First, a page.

US natural gas inventories
On Thursday, October 15, 2015, the EIA (U.S. Energy Information Administration) published its weekly update on natural gas for the week ended October 9. The report showed that US natural gas inventories in storage had increased by 100 Bcf (billion cubic feet), causing inventories to rise to 3,733 Bcf that week. This was more than analyst expectations of a 92 Bcf increase.
What this means for investors
When inventories rise more than market expectations, it’s usually bearish news for natural gas prices, because it means that either demand was less than expected or supply was more than expected.
Natural gas prices settled ~2.6% lower at $2.45 per MMBtu (million British thermal units), on October 15, 2015, compared to the previous day’s close. In the next part of this series, we’ll take a more detailed look at the price movements of the week ended October 15.
Lower natural gas prices mean lower revenues for natural gas producers such as Chesapeake Energy (CHK), Range Resources (RRC), QEP Resources (QEP), and Cabot Oil & Gas (COG). These companies earn less money when natural gas prices fall and more money when prices rise. These companies combined make up ~2% of the Vanguard Energy ETF (VDE).
Lower natural gas prices may also negatively affect MLPs such as Oneok Partners (OKS) and dissuade producers from producing more natural gas, which would result in lower volumes for the MLPs to transport.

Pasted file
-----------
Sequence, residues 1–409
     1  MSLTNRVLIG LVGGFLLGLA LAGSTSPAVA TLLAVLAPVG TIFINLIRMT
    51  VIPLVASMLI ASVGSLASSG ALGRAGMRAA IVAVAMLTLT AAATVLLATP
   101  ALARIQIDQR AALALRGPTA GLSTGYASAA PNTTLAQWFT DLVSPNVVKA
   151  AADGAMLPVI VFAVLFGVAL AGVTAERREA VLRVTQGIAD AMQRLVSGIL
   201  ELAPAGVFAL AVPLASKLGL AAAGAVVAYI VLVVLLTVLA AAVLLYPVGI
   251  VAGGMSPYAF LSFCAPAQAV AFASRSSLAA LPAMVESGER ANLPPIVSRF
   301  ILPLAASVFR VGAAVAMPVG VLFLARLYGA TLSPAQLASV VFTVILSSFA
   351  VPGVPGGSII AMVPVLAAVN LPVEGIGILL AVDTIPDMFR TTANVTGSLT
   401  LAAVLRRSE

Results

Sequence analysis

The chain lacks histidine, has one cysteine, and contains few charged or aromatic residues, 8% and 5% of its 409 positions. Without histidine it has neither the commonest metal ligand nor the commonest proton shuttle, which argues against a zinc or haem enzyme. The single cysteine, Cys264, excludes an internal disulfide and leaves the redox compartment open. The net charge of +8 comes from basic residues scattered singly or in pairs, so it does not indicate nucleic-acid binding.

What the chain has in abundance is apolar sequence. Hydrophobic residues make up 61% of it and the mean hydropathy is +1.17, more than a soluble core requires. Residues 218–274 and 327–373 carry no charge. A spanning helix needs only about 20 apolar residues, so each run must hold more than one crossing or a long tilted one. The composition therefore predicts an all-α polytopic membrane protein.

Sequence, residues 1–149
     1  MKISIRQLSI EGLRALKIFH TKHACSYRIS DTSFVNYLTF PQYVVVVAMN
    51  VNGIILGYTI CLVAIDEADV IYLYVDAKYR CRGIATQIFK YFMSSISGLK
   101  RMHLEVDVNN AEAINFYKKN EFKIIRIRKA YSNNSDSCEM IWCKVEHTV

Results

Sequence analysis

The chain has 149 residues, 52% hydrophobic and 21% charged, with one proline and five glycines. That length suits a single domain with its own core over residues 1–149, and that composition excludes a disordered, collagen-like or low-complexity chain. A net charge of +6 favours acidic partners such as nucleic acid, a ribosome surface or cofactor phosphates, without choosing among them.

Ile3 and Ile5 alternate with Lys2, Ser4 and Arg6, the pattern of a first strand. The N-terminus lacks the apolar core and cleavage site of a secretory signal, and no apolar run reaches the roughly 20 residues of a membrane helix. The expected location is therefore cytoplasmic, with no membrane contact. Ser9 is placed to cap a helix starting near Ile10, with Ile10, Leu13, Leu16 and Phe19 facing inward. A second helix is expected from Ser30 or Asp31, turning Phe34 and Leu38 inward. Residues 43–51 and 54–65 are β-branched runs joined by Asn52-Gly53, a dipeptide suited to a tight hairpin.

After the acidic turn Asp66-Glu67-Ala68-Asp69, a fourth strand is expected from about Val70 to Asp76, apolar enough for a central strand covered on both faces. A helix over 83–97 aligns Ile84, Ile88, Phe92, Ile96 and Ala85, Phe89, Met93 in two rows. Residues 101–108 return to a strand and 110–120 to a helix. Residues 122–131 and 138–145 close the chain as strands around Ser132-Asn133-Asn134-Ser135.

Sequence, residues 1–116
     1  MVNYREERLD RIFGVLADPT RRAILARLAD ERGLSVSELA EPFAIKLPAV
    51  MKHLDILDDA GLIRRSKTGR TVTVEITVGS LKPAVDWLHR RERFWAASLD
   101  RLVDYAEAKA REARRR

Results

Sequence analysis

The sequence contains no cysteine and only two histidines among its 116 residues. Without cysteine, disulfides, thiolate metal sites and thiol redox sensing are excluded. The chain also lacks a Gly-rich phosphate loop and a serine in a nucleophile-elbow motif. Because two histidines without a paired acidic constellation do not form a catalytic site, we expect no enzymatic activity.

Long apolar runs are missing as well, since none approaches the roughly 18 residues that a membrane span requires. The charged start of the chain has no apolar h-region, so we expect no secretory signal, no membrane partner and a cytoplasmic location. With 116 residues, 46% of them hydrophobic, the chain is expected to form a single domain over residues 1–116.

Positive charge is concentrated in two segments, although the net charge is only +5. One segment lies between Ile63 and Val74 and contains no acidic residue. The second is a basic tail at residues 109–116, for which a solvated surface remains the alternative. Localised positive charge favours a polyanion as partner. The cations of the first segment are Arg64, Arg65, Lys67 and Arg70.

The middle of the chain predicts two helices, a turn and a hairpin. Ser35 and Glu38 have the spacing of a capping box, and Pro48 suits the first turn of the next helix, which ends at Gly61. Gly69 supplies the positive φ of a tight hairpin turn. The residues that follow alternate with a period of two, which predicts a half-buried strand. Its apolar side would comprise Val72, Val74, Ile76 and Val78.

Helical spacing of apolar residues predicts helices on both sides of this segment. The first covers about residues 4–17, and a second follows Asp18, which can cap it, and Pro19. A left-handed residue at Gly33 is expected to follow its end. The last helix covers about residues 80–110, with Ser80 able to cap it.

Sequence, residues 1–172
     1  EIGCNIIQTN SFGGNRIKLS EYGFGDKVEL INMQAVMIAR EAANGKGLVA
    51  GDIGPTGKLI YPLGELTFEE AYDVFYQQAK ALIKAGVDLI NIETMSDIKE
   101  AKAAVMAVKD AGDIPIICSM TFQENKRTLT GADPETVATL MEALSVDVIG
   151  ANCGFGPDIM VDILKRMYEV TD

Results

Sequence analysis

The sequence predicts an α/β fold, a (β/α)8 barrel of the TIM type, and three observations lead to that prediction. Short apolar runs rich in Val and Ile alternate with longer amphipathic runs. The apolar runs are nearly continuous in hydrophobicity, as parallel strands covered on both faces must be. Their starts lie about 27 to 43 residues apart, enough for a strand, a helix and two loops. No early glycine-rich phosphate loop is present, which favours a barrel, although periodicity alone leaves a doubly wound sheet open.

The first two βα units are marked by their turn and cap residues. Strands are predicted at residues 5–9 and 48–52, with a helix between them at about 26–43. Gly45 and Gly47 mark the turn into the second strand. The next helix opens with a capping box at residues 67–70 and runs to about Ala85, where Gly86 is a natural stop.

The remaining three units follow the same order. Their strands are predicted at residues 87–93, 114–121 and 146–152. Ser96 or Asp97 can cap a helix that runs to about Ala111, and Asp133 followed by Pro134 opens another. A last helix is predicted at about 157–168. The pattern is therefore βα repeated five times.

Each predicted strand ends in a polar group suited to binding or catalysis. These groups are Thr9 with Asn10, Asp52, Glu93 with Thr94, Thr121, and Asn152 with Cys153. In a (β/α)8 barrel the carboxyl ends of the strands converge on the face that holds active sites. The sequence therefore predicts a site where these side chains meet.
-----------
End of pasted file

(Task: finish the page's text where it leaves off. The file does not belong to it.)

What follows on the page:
The 100 Bcf net injection in the week ended October 9, 2015, compares to a net injection of 96 Bcf in the corresponding week last year and a five-year average net injection of 87 Bcf.
According to the EIA, from the week ended April 3, 2015, the beginning of the injection season, through the week ended October 9, 2015, net injections totaled 2,272 Bcf. In comparison, 2,453 Bcf were injected in the corresponding 28 weeks last year. The five-year average injection for the corresponding 28 weeks is 1,914 Bcf.
After the 100 Bcf increase in the week ended October 9, 2015, natural gas inventories were ~13.6% higher than last year’s levels and 4.7% higher than the five-year average. Inventories have been outpacing the five-year average since the week ended May 29, 2015. This is bearish for natural gas prices.
The EIA’s October STEO (Short-Term Energy Outlook) report released on October 6, 2015, forecasts that inventories will total 3,956 Bcf at the end of the injection season in October. According to the EIA, this would be the highest-recorded end-of-October inventory level.